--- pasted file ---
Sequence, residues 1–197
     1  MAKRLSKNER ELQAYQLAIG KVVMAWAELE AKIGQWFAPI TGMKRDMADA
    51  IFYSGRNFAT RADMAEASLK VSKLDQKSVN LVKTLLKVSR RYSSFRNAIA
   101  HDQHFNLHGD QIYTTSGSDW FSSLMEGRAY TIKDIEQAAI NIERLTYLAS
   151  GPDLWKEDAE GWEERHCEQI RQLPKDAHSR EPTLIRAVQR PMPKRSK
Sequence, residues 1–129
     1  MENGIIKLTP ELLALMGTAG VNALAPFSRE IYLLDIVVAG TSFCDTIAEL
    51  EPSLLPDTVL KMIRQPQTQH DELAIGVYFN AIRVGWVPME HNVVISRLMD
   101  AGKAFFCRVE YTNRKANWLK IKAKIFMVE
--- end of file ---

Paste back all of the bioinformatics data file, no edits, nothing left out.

Sequence, residues 1–197
     1  MAKRLSKNER ELQAYQLAIG KVVMAWAELE AKIGQWFAPI TGMKRDMADA
    51  IFYSGRNFAT RADMAEASLK VSKLDQKSVN LVKTLLKVSR RYSSFRNAIA
   101  HDQHFNLHGD QIYTTSGSDW FSSLMEGRAY TIKDIEQAAI NIERLTYLAS
   151  GPDLWKEDAE GWEERHCEQI RQLPKDAHSR EPTLIRAVQR PMPKRSK
Sequence, residues 1–129
     1  MENGIIKLTP ELLALMGTAG VNALAPFSRE IYLLDIVVAG TSFCDTIAEL
    51  EPSLLPDTVL KMIRQPQTQH DELAIGVYFN AIRVGWVPME HNVVISRLMD
   101  AGKAFFCRVE YTNRKANWLK IKAKIFMVE